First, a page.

Perforation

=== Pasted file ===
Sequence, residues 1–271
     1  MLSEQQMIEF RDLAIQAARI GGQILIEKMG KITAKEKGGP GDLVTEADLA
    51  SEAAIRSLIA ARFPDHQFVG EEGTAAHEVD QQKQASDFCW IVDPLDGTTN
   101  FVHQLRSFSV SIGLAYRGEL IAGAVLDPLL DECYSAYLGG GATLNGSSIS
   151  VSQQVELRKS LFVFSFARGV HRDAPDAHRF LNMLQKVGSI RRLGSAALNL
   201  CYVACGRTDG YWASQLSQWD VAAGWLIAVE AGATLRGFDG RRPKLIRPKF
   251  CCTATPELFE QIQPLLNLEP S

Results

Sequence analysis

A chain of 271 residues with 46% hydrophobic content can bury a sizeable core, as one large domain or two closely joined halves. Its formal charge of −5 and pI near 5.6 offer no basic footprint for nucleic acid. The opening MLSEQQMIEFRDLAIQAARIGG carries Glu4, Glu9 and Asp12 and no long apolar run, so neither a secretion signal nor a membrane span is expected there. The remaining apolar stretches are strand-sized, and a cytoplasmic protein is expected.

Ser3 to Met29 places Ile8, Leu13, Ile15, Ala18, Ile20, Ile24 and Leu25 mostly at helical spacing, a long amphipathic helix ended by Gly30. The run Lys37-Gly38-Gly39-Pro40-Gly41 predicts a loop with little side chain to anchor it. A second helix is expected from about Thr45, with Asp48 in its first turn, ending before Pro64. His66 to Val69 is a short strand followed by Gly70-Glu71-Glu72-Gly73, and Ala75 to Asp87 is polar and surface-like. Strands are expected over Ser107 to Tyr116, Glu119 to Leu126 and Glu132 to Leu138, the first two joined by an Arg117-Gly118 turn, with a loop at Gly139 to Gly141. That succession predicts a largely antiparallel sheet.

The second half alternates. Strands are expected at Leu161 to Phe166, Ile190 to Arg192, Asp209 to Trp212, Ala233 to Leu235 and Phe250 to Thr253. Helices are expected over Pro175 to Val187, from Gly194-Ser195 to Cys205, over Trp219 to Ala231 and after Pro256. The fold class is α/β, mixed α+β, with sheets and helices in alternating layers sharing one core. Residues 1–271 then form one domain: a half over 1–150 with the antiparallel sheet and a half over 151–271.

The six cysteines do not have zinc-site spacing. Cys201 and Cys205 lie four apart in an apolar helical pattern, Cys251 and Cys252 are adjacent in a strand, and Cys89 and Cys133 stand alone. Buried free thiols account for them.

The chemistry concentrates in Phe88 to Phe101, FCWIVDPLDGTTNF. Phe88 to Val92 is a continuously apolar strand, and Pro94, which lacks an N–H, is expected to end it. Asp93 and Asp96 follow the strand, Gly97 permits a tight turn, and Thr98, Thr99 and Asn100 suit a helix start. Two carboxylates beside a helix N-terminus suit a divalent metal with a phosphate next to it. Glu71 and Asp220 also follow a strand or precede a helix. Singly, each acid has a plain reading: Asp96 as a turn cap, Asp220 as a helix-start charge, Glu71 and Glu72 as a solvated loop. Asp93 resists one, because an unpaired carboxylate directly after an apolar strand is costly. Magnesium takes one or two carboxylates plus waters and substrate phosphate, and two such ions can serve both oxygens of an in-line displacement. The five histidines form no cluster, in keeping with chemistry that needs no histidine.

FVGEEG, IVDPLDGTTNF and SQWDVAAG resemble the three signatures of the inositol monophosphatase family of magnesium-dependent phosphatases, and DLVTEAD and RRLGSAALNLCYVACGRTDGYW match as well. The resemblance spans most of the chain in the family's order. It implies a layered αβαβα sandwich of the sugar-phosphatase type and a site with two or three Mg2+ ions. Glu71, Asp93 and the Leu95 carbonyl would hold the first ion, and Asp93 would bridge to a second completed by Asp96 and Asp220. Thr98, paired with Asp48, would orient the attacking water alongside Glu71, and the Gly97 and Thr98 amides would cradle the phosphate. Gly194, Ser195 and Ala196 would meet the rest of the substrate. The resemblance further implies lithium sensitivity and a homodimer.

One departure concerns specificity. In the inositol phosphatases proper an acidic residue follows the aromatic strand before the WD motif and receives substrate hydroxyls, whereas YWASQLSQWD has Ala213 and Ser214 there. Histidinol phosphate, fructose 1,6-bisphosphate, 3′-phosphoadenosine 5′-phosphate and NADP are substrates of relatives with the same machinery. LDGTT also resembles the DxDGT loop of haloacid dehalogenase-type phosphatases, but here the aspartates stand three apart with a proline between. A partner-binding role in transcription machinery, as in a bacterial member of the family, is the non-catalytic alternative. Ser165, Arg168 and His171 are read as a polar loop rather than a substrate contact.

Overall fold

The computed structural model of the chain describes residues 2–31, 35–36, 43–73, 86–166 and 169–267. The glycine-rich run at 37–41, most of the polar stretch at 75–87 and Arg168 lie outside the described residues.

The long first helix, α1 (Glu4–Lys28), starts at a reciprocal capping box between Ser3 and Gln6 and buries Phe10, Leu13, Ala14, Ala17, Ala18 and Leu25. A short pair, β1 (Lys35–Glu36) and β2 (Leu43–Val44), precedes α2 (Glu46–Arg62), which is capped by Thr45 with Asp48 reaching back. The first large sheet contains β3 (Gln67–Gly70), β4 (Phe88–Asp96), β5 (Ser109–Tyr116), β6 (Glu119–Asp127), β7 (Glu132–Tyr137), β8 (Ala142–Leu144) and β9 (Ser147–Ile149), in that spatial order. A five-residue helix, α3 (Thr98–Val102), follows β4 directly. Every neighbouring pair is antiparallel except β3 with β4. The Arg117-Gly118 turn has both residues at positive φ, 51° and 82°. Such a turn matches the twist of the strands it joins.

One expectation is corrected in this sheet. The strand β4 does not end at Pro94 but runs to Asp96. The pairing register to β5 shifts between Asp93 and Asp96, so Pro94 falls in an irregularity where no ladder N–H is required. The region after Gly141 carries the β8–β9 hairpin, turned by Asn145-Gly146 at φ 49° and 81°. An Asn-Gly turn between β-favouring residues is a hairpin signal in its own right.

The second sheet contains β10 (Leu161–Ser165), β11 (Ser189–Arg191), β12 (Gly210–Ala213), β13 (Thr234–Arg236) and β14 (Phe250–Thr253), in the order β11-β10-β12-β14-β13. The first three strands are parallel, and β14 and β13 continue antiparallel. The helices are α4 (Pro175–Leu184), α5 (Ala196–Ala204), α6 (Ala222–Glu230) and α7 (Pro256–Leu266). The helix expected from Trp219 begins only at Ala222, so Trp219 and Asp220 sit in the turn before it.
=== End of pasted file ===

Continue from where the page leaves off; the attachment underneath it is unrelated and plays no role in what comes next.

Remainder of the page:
Free perforation is an indication for immediate surgical intervention. Patients with perforation will often present with peritoneal signs secondary to leakage of enteric contents into the peritoneal cavity with resulting inflammation and abscesses. The most common reasons for perforation are peptic ulcer disease or diverticulitis. The history should be focused to help differentiate these. A change in bowel habits and frequent constipation can suggest a colonic source. Nonsteroidal drug use and tobacco abuse are associated with peptic ulcers. Perforation from either source can be contained or freed within the peritoneal cavity. Contained perforation may become walled off and develop into an abscess. These are often diagnosed by CT scans. Well-defined abscesses can be percutaneously drained with an interval resection of the perforated portion of bowel if indicated when the inflammation has resolved. This choice should be accompanied with antibiotics and careful follow-up to ensure that drainage is successful in controlling the infection and the patient remains hemodynamically stable. Generalized peritonitis with hemody-namic instability and free air on radiographs are indications for urgent surgical intervention following initial resuscitation.

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